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PostPosted: Thu Mar 12, 2009 6:45 pm 
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How Long Does It Take to LEARN to Build an Age?
How Long Does It Take to BUILD an Age?


I started this question on OpenUru.org. We don't have much information on the age production timeline. I think we all have some basic ideas and concepts in answer to those questions. I just doubt we have the same ideas and concepts. So, I started a poll on GoMa. Hopefully the poll will give us an idea.
Link: How Long to Learn Uru Age Building


There is a second separate poll, once learned, how long does it take to actually build and age? That time is omitted from the poll on learning. That poll is just about learning time. The building poll is just about the time needed to build ages.
Link: How Long to Build Uru Ages?

There is a level of learning that is needed for work to be useful... get to the quality level that shard operators will want your work on their servers. That is the level of learning I am asking about.

Also, there is the issue of actual time needed and elapsed time to complete the learning/building. This is the difference between say 40 hours to learn but only having 2 hours per week to devote to it, so 2 weeks at 8 hours 5 days a week verses 20 weeks at 2 hours per week. I am asking about the actual time not the elapsed time.

The polls are set to run 120 days. You can change your vote, if you change your mind.

Thanks, it should be interesting.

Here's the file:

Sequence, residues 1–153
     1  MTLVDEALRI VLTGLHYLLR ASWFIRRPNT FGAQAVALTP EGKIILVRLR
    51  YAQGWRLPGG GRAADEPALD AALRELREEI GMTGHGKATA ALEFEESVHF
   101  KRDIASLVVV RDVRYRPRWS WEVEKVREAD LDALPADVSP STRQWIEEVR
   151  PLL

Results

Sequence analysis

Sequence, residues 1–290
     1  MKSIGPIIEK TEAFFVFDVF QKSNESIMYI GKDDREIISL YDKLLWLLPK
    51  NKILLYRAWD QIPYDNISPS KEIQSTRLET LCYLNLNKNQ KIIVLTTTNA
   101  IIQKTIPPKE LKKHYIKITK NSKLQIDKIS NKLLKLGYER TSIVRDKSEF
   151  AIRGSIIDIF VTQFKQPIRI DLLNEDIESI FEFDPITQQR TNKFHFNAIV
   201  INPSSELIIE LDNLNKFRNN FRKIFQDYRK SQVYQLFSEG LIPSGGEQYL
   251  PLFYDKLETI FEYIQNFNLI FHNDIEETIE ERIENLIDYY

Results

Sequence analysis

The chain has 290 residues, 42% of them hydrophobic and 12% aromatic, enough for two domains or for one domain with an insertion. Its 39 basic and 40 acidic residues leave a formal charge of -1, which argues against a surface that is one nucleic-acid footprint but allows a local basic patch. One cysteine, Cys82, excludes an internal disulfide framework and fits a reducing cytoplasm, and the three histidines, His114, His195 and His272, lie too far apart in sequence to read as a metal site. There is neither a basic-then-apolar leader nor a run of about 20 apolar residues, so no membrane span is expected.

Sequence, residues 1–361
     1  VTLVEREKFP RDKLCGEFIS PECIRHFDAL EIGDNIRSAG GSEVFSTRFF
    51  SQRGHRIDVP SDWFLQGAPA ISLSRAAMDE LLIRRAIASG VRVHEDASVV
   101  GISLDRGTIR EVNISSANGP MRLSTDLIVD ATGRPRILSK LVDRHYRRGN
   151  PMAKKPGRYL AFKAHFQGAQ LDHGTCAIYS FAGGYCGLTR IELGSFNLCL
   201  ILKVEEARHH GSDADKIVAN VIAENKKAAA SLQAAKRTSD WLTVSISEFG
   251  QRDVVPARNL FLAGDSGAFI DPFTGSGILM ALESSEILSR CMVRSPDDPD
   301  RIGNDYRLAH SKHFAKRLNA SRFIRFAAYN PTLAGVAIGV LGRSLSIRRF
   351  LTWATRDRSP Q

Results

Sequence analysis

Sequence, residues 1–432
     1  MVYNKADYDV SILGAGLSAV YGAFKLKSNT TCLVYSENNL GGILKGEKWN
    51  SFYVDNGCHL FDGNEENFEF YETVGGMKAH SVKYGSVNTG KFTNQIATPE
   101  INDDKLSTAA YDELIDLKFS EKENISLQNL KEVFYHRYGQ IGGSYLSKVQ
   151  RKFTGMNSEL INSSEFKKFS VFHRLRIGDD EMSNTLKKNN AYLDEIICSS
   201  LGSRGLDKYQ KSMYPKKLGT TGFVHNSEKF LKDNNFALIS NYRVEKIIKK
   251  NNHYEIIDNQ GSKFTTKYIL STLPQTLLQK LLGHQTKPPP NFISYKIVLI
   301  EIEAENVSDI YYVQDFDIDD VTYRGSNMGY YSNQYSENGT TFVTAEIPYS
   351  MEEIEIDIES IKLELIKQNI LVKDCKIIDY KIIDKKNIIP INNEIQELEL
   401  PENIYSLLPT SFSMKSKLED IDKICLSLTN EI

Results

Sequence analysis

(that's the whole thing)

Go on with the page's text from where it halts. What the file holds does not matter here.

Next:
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PostPosted: Thu Mar 12, 2009 7:40 pm 
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The biggest obstacle I've found is the philosophy behind Blender.

And not the "Blender is hard to learn!" complaint. Of course it's hard to learn. Even easy 3D modelling programs are hard to learn, and "easy" isn't Blender's strong suit.

No, my problem is that Blender's functionality (interface) isn't kept backwards-compatible. And while I've no doubt that all the changes are for the better (no, you don't do it that way anymore, look how much better it is to do it THIS way!), it has the huge disadvantage of turning large sections of Blender tutorials useless.

My experience is that both "Blender: Noob to Pro" and the GoW's Blender tutorials have sections that make less and less sense with each Blender version change.

I still muddle around with it but it's hard to make real progress. :(

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PostPosted: Thu Mar 12, 2009 9:46 pm 
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I have to admit that I did not like blender too much until I decided to render my living room with the Fireplace that my wife and I were going to install.
I had spent about 4 months just learning blender and making small things like trees, bushes, then landscaping before the fireplace idea ever came up. Then I thought about building an age and as I got going I realized just how incredible the imagination of the creator has to be... there are just SOOO many details to a world that are just taken for granite. My hat is off to those that build ages.